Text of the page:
How to buy tickets in Japanese

japan train ticket
Before our last visit to Japan, I decided before we left, that I wasn’t going to purchase the Japan Rail Pass that gives you unlimited travel on Japanese Railways for a certain number of days. I had crunched the numbers and figured that I could get away a little bit cheaper if I just purchased the tickets that I needed at the time. It ended up being more affordable, but I did spend a lot of time at ticket counters purchasing tickets.

So here is some essential Japanese phrases for purchasing tickets. You will also find them very handy for purchasing tickets to any attractions you want to visit.

When purchasing a train ticket you’ll want to tell the ticket agent the destination you want to travel to followed by the number of tickets you want to buy. For example let’s say you wanted to travel to Kyoto.

You would say that as:

Kyoto made (Kyoto mah-day)

It basically means “Kyoto Bound.”

Now you just attach the number of tickets you want to the end along with “please.”

Kyoto made ichi-mai kudasai (Kyoto mah-day eechee-my ku-dah-sigh)
Which means “One ticket to Kyoto please.”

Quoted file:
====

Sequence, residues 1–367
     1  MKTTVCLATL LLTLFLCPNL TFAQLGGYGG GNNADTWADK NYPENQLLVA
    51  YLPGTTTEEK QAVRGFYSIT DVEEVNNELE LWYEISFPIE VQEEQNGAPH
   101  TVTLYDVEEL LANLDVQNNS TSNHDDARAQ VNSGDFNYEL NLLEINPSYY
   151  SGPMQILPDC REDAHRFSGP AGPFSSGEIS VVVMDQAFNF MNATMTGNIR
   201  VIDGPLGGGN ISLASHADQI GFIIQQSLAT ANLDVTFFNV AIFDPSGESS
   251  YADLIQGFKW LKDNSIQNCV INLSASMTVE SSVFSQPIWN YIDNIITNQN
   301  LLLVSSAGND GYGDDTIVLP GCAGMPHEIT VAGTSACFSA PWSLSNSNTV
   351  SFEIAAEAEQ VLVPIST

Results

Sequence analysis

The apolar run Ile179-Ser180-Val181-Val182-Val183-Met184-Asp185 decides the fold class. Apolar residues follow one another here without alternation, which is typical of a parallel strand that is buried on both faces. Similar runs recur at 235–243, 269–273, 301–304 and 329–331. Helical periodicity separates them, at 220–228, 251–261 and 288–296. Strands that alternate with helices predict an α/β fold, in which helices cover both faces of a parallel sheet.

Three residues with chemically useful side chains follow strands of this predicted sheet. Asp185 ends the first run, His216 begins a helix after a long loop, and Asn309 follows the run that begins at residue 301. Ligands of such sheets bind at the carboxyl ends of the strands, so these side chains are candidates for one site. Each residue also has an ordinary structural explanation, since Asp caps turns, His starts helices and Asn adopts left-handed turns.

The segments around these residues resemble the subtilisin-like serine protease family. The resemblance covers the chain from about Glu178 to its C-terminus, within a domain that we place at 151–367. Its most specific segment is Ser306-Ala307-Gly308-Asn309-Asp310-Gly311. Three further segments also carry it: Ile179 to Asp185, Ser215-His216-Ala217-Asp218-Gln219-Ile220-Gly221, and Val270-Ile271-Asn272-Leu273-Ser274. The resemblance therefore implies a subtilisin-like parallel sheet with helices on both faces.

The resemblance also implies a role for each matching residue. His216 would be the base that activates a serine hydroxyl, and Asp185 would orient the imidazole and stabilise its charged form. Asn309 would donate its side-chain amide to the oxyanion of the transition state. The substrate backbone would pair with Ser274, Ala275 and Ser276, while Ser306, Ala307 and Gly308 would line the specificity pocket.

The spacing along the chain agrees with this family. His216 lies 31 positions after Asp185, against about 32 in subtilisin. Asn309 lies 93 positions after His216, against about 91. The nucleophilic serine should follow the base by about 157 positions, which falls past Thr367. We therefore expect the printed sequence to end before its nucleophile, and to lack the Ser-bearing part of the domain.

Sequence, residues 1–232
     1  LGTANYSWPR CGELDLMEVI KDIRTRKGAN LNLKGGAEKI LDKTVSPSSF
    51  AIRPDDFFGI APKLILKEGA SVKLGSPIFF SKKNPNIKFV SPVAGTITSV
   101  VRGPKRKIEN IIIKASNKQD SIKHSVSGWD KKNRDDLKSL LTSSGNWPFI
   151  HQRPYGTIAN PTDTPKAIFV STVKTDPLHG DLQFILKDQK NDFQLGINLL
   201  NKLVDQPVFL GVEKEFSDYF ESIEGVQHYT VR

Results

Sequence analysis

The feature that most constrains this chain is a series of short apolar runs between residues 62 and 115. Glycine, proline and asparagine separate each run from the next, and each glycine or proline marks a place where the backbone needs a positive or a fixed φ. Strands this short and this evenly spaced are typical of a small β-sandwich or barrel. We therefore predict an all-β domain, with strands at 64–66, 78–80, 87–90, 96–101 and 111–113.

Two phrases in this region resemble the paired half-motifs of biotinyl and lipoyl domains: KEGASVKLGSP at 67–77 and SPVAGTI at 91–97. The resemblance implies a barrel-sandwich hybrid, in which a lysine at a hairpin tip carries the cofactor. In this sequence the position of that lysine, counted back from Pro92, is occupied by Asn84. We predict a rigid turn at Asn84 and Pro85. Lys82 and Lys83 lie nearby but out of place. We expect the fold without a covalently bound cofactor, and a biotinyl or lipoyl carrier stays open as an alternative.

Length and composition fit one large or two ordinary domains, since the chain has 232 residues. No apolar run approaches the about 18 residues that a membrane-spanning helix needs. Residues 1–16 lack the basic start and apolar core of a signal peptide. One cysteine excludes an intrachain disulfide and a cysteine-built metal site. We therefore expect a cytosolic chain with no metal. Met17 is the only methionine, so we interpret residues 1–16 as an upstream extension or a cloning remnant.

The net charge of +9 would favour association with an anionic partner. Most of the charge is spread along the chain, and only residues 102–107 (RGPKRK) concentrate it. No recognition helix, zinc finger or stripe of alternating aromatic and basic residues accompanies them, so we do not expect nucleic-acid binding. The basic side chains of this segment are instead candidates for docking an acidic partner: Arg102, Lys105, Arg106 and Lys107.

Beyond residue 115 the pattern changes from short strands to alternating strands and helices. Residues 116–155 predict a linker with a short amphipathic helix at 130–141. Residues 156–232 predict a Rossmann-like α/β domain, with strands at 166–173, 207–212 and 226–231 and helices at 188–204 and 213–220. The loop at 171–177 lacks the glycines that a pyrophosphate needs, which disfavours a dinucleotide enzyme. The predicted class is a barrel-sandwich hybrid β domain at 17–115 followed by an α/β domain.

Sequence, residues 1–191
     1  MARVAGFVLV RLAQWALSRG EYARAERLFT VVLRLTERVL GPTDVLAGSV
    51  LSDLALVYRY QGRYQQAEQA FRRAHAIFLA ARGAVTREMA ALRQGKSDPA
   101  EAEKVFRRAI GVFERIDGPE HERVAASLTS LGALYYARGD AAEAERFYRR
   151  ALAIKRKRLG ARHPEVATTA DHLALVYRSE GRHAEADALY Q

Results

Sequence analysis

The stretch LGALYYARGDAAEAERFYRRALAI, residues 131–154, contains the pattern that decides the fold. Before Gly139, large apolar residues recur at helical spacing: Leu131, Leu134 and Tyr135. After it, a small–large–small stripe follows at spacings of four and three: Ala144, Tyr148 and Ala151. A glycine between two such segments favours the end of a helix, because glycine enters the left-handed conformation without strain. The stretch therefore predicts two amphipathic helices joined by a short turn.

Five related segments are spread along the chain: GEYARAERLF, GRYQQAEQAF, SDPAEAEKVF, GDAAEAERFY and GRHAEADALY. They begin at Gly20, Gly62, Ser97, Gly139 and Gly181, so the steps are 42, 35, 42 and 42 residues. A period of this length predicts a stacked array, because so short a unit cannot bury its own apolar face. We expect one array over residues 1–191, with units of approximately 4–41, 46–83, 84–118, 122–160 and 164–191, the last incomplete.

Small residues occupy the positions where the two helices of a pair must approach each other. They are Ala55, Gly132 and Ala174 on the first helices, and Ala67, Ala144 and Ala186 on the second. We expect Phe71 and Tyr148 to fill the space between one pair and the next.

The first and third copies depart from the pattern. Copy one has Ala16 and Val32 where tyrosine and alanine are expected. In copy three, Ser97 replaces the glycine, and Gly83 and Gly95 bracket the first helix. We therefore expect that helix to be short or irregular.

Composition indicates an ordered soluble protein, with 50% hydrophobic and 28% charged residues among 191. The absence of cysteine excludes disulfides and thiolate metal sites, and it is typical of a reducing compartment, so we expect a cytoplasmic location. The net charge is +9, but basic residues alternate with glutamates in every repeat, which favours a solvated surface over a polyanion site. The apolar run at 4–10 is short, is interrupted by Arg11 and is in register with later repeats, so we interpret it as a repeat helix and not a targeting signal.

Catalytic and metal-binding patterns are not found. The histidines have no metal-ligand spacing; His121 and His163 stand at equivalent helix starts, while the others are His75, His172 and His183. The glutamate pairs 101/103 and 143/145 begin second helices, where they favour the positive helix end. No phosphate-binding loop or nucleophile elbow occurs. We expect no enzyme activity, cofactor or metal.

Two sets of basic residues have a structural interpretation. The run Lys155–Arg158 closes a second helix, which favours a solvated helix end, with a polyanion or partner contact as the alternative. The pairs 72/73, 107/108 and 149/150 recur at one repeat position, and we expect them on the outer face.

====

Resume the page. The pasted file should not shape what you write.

Now say you wanted to purchase a ticket to see Osaka Castle. Simple!

Ichi-mai kudasai

And if you want to purchase two tickets instead of one? Just replace ichi-mai with ni-mai.

Also, another handy lesson that I had to learn the hard way is, if you miss your train, you can just get on the next one that comes. So stay where you are and don’t move to another platform, because those trains are probably going someplace completely different. Most of the trains at that gate will be going to the same destination; some will just stop at more out of the way stops than others. This is especially true if you destination is a major city like Tokyo or Osaka etc.

I spent 2 hours on the Nagano train platform before I figured that one out :P

Reprinted from Green Tea Design. Photo by Andrionni Ribo.

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